State v. McNeil, 109 P.3d 1125 (ID Ct. App. 2005)
STATE v. McNEIL
109 P.3d 1125 (2005)
141 Idaho 383
STATE of Idaho, Plaintiff-Appellant,
Trinity McNEIL, Defendant-Respondent.
Court of Appeals of Idaho.
March 21, 2005.
Hon. Lawrence G. Wasden, Attorney General; Lori A. Fleming, Deputy Attorney General, Boise, for appellant.
Alan E. Trimming, Ada County Public Defender; Nicholas Lloyd Wollen, Deputy Public Defender, Boise, for respondent.
SCHWARTZMAN, Judge Pro Tem.
The state appeals from the district court’s intermediate appellate order vacating Trinity McNeil’s judgment of conviction and sentence for misdemeanor battery and remanding for a new trial. For the reasons set forth below, we reverse the district court’s order and reinstate McNeil’s judgment of conviction as issued by the magistrate.
FACTS AND PROCEDURE
After consuming alcohol at a bar in downtown Boise, Scott Main and his friend were standing on a sidewalk and made offensive comments to some individuals driving down the street. Liz Woodard approached Main and his friend, told them their actions were inappropriate, and asked them to leave. Main pushed or hit Woodard and she fell to the ground. An angry crowd immediately swarmed around Main and his friend. A member of the crowd stepped forward in Woodard’s defense, but he was allegedly head-butted by Main. Main and his friend attempted to leave the area, but the angry crowd prevented them from doing so.
McNeil was in the same downtown area when the incident between Main and Woodard occurred. McNeil did not see Main push or hit Woodard, but he was told about the incident. After approaching the crowd, McNeil saw Woodard on the ground and Main swinging his arms around in a wild manner. McNeil also saw the crowd member who stepped forward in Woodard’s defense on the ground. McNeil grabbed a beer bottle, approached Main from behind, and hit him over the head. Main responded by shoving McNeil a number of times until, eventually, both he and McNeil went through a plate glass window of a local business.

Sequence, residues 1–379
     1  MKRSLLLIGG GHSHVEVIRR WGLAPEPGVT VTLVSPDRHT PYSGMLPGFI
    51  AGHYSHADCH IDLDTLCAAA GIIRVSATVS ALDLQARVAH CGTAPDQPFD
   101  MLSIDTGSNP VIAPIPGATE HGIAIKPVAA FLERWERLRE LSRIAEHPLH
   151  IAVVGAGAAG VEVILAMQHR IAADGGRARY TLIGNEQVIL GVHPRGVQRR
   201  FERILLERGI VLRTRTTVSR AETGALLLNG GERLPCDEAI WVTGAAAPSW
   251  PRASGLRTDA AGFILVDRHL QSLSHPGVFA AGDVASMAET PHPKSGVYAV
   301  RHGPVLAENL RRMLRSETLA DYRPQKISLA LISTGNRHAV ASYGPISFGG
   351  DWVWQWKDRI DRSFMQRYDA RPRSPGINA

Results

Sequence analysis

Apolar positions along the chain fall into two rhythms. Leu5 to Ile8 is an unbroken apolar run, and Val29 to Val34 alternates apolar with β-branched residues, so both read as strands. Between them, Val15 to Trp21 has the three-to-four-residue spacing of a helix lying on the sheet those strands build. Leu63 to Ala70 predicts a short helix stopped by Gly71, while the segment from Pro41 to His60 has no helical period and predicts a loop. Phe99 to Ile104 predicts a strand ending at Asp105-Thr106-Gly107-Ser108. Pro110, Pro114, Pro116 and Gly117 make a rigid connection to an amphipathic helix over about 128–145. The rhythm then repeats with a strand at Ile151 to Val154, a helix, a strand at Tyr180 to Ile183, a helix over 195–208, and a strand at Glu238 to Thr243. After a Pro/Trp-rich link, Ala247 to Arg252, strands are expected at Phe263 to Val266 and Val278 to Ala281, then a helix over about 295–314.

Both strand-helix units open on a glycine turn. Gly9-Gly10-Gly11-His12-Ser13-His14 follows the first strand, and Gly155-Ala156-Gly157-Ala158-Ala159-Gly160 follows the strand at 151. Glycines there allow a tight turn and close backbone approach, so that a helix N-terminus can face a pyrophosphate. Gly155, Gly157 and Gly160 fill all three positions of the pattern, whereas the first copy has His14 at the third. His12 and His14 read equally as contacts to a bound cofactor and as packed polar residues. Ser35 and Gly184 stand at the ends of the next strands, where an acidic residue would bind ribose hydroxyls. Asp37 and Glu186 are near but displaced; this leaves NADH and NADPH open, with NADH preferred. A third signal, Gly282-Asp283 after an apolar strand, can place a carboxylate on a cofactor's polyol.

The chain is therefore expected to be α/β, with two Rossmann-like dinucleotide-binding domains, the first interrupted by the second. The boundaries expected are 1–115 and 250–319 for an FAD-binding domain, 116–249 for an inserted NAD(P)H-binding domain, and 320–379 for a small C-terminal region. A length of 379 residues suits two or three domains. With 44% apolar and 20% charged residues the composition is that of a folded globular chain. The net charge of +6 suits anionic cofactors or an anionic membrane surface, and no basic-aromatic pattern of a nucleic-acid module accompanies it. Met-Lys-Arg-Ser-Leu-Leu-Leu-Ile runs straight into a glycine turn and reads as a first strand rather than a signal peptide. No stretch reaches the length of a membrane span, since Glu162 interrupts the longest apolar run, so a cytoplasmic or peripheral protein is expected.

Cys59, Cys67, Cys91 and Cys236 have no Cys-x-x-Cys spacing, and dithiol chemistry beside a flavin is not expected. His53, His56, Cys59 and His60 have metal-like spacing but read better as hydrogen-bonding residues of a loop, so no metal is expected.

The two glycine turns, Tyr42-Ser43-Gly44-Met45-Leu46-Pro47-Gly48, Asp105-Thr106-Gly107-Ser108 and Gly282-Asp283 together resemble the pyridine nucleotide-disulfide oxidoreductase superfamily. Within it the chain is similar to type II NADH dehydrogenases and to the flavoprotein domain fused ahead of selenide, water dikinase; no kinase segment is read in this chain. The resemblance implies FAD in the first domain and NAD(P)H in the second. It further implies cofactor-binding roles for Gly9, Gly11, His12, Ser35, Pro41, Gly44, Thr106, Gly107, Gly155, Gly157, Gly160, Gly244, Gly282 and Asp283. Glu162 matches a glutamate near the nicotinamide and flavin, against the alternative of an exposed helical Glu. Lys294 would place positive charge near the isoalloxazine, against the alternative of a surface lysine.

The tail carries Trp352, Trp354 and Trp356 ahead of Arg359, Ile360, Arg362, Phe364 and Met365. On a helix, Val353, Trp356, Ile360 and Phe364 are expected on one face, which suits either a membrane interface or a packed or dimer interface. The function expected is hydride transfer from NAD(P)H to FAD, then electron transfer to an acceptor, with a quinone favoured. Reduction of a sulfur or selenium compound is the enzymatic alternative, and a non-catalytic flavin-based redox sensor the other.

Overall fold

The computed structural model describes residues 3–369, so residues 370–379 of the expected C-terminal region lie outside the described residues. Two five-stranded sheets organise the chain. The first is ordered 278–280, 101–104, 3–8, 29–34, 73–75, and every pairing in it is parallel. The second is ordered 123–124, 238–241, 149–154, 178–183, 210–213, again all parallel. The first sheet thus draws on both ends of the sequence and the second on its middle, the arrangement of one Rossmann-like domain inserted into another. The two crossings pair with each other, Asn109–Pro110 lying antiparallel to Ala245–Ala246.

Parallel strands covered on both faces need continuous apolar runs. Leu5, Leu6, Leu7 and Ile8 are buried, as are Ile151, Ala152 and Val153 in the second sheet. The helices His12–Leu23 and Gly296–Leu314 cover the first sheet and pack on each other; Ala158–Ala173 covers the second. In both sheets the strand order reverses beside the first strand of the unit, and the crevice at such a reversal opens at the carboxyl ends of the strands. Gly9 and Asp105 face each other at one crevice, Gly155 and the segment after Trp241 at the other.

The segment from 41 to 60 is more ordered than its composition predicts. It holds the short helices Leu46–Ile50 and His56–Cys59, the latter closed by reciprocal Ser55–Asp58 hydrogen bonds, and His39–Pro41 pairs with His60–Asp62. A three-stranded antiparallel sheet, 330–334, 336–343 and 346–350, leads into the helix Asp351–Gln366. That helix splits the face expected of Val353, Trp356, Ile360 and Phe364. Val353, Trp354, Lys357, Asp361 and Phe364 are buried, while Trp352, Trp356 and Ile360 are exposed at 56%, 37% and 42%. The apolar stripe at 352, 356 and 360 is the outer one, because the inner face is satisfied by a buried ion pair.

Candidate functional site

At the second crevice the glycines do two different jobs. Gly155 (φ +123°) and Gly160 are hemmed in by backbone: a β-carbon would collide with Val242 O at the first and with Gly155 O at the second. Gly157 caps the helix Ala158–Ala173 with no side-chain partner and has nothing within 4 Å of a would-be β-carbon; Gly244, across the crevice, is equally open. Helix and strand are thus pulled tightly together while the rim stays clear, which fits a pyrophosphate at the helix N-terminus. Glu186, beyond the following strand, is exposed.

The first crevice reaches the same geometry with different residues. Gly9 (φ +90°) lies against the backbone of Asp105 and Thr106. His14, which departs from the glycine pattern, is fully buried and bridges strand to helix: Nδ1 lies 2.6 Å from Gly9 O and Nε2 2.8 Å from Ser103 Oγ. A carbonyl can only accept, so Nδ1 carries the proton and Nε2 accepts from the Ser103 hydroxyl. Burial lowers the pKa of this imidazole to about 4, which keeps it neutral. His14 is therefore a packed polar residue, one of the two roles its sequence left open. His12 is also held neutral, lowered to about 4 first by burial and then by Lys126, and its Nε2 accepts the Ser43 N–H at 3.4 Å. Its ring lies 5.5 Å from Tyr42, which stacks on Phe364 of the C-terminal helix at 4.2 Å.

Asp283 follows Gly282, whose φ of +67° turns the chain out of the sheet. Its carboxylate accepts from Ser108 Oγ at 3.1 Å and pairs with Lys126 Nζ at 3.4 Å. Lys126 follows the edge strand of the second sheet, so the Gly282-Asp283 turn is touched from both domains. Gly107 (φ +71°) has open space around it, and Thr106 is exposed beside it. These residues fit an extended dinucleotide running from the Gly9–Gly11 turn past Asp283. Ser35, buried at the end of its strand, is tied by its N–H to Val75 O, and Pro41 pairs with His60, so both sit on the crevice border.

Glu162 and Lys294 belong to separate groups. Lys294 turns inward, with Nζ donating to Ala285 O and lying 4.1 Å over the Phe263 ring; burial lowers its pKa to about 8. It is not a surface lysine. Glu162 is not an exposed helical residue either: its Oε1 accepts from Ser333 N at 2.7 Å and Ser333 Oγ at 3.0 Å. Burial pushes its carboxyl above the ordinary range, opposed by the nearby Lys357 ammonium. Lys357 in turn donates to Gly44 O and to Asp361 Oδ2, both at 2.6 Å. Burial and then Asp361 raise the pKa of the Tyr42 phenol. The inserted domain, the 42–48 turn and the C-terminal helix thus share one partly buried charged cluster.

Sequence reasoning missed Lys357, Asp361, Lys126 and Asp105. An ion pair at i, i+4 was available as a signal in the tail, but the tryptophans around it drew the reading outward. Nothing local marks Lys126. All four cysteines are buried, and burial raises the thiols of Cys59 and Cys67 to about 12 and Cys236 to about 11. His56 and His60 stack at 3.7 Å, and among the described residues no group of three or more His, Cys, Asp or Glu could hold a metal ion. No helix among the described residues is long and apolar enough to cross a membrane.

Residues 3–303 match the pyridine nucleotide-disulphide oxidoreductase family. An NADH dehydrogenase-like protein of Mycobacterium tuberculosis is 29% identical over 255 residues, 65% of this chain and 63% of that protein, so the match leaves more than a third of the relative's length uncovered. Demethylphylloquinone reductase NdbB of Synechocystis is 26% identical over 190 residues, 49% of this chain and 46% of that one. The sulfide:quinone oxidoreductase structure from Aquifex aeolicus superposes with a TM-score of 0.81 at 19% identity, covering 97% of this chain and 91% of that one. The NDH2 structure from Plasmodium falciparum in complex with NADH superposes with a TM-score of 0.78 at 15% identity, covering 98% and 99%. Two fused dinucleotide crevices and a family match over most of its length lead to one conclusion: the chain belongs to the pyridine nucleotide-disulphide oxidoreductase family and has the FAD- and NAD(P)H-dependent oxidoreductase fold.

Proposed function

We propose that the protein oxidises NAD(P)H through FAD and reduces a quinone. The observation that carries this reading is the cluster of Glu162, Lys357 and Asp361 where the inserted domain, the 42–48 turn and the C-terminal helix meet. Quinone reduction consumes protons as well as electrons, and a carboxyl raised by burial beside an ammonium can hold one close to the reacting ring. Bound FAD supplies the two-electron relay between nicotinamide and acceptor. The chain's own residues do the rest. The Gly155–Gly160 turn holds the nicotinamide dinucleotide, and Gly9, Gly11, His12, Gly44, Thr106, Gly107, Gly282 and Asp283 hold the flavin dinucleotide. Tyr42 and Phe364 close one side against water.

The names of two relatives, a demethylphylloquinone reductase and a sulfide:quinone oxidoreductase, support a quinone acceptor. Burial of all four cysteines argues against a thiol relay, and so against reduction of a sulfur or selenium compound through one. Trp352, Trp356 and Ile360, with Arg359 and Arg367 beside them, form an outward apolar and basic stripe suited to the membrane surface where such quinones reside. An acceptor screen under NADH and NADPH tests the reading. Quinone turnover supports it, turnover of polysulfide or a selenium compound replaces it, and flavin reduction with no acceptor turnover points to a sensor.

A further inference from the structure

McNeil was charged with misdemeanor battery, I.C. § 18-903. At trial, Woodard testified that Main punched her in the jaw with a closed fist. Additionally, the crowd member who stepped forward in Woodard’s defense testified that Main head-butted him. McNeil testified that when he saw Woodard on the ground, he was under the impression that Main had assaulted her. McNeil asserted that, when he hit Main with the bottle, he intended to help his friends and protect them from further injury.
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At the close of the evidence, McNeil requested that the magistrate give the jury an instruction on the defense of others. The magistrate declined, determining that Main’s conduct did not rise to the level of aggravated assault necessary to trigger the self-defense and defense of others immunity statute, I.C. § 19-202A.1 The jury found McNeil guilty and McNeil appealed to the district court.
On appeal, McNeil argued that the magistrate erred in failing to instruct the jury on the affirmative defense of others. The district court reviewed Section 19-202A and concluded that a more expansive interpretation should be given to the statute over and above its limitations to victims of aggravated assault or other serious crimes catalogued in the statute.2 The district court then held that the denial of the requested jury instruction was error and vacated McNeil’s judgment of conviction and sentence. The state appeals.
On review of a decision of the district court, rendered in its appellate capacity, we examine the record of the trial court independently of, but with due regard for, the district court’s intermediate appellate decision. State v. Bowman,124 Idaho 936, 939, 866 P.2d 193, 196 (Ct.App.1993).